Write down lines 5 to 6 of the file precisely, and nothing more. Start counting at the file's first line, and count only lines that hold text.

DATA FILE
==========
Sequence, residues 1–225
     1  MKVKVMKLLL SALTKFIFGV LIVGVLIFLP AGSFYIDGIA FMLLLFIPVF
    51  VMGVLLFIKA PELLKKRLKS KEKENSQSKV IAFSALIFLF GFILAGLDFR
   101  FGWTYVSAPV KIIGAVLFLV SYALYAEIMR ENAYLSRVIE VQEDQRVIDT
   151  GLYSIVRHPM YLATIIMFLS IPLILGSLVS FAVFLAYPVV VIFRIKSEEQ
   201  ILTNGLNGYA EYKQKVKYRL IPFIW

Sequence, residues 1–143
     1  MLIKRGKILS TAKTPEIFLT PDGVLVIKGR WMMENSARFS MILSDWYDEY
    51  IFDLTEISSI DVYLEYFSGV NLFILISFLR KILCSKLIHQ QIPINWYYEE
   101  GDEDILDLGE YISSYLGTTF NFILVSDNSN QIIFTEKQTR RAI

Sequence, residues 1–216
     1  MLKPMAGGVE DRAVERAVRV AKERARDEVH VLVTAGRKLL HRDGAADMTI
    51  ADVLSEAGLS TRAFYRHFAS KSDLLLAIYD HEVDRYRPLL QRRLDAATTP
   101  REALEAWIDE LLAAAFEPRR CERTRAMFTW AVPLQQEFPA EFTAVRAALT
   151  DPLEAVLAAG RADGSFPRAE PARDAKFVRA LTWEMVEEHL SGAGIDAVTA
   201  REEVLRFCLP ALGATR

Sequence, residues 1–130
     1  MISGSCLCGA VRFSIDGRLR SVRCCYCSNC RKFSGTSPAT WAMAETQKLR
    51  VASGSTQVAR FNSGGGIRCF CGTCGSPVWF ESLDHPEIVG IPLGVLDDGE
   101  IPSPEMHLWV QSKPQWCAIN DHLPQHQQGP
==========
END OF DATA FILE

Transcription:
   151  GLYSIVRHPM YLATIIMFLS IPLILGSLVS FAVFLAYPVV VIFRIKSEEQ
   201  ILTNGLNGYA EYKQKVKYRL IPFIW